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Aardvarck – Anti-Concept review

To call Dutch producer Mike Kivits “prolific” would be an understatement. Under his now familiar Aardvarck guise, he’s released an impressive eight albums since 2002 alone, each with its own distinct vision. Variously, we’ve been treated to quirky beats (the Kindred Spirits-released Pigstyle), Detroit techno reinvented as downtempo bruk (Find The Cow on Delsin) and cut-up dancehall riddims and stoner hip-hop (Love Music on Mochilla). Each successive album revealed a little bit more about the talented Dutchman, not least his occasionally worrying obsession with style over substance.

It’s perhaps notable, then, that the first thing that hits you about this new full-length for now regular home Eat Concrete is its intense attention to atmospheric detail. While each track has its own distinct flavour, there’s an late night urban mood that permeates throughout. It could be the imaginings of a lonely insomniac trapped on the upper floors of a brutalist inner city tower block, or perhaps the soundtrack to too many stoned late night stumbles through vast, empty multi-story car parks; either way, it’s grey, hard and, at times, unfeasibly bleak.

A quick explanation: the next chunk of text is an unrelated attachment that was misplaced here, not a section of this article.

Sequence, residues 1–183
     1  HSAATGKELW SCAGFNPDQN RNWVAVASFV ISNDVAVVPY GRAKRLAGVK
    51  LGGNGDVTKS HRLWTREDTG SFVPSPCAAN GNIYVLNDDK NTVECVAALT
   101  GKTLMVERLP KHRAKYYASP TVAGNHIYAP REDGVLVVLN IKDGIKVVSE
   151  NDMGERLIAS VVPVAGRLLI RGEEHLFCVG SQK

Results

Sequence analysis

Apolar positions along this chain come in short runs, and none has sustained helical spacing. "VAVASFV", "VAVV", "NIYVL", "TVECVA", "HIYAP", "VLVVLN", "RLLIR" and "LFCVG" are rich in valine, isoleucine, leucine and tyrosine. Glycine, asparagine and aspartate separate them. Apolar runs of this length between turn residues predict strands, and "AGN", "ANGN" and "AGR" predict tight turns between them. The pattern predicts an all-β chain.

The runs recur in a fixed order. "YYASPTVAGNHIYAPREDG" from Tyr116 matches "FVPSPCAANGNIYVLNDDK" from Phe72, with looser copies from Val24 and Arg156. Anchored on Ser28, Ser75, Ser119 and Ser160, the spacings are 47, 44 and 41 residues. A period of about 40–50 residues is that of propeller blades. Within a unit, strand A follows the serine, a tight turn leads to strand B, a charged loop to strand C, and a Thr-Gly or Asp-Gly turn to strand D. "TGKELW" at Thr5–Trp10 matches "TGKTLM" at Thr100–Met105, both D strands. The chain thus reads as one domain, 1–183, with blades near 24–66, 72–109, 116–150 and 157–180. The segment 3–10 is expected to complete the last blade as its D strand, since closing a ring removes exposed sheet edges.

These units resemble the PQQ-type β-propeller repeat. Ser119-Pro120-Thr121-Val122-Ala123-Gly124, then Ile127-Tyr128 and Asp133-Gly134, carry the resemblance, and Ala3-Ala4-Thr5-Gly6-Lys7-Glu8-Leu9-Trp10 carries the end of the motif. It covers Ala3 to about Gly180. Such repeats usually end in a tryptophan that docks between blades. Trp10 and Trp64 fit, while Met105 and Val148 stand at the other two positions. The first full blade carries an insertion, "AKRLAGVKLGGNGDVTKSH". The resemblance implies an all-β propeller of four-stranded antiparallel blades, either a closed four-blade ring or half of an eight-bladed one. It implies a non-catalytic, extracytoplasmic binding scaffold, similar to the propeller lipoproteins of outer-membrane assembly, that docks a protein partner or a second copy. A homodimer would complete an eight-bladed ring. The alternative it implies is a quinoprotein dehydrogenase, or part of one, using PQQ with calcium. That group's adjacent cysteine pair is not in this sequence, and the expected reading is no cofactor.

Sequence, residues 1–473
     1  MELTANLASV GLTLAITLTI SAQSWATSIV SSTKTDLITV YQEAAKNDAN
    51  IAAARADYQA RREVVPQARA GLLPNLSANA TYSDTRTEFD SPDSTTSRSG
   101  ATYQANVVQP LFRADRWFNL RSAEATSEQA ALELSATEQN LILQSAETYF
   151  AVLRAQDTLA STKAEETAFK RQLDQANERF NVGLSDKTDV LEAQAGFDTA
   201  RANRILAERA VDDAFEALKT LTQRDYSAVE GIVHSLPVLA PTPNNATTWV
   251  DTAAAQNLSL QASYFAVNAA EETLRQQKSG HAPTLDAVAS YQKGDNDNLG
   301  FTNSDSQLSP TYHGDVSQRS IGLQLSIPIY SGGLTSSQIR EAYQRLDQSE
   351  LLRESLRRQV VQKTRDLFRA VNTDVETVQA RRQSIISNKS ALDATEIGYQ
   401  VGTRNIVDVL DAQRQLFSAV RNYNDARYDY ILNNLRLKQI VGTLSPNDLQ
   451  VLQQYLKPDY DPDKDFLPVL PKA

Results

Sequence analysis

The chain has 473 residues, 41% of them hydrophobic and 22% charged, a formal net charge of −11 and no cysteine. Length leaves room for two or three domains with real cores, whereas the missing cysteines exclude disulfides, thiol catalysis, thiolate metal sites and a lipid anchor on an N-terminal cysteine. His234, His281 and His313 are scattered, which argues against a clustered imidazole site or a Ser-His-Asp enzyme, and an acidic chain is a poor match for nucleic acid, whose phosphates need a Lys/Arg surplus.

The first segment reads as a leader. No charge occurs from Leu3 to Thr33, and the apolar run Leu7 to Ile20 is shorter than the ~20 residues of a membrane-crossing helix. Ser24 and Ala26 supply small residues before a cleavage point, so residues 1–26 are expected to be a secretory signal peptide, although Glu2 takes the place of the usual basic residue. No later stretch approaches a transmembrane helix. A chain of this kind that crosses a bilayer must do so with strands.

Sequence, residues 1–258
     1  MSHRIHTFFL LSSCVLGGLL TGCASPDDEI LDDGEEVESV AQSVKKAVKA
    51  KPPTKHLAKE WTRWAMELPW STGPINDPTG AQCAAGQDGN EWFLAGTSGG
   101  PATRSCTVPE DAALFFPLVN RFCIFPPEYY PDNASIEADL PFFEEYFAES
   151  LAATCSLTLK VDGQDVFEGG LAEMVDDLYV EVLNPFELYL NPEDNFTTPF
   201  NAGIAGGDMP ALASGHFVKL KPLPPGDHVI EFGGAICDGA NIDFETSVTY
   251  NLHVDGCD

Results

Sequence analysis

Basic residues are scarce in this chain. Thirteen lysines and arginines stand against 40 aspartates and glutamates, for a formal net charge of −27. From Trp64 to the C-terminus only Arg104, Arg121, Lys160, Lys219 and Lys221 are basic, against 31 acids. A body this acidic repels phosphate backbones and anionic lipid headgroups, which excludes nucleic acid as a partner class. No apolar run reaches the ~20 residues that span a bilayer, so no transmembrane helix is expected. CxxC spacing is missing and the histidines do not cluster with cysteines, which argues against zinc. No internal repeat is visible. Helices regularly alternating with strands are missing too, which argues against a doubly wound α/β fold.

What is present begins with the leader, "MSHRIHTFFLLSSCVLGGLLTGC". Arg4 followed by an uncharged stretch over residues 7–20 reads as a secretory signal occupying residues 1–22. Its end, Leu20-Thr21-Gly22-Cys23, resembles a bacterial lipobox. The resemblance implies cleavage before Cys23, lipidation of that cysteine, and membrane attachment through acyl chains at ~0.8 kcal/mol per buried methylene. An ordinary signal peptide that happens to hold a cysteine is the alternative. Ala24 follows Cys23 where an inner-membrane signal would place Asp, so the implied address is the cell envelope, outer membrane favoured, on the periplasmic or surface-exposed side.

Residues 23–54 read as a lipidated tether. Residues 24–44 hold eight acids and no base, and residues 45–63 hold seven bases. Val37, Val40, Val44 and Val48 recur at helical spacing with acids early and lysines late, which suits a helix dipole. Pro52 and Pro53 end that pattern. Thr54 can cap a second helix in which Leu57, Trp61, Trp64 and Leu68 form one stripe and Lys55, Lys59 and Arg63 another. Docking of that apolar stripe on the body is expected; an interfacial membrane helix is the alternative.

That’s not to say that there’s not warmth or melody amongst this sprawling collection of fully-fledged tracks, sonic sketches and blink-and-you’ll-miss-‘em interludes. Some of the producer’s dubwise basslines – particularly those used on the trio of tracks based on previous single Bloom – are deliciously heart-warming, while other tracks boast pleasingly comforting synth lines or glacial washes of sound. Listen carefully and you’ll find plenty of moments of glowing beauty – it’s just that you have to really pay attention to find them.

That’s not meant as a criticism. It’s always going to be hard to make sense of a set that variously touches on smacked-out dub, twisted Afro-electro, IDM, electronica, eerie ambience, eccentric breakcore, post dubstep rumblers, Detroitian futurism and scratchy techno. Yet, bizarrely, Anti-Concept makes perfect sonic sense. The concept itself – that it has no concept, silly – may be a little flawed (i.e. the idea of having no concept is a concept in itself), but it allows Kivits room to spin off in interesting new directions at each successive turn.

So, the spooky, symphonic ambience of “Dik Over Chord” is followed by the brutal rhythms of “Duh”, which is in turn followed by the curious, Autechre-ish IDM of “Gubby” and “Hassel”. And so it goes on. By the end, Kivits is indulging in twisted new takes on age-old hip-hop rhythms and re-imaging “Freak”-era LFO. It does, of course, make perfect sense in context. Basically, it’s an album and should therefore be listened to as such, in sequence, from start to finish. For all the stylistic concerns and schizophrenic programming, Anti-Concept is actually a very good opus. The tracklist might be vast and unruly, but it makes for a thoroughly engaging and entertaining listen.

Matt Anniss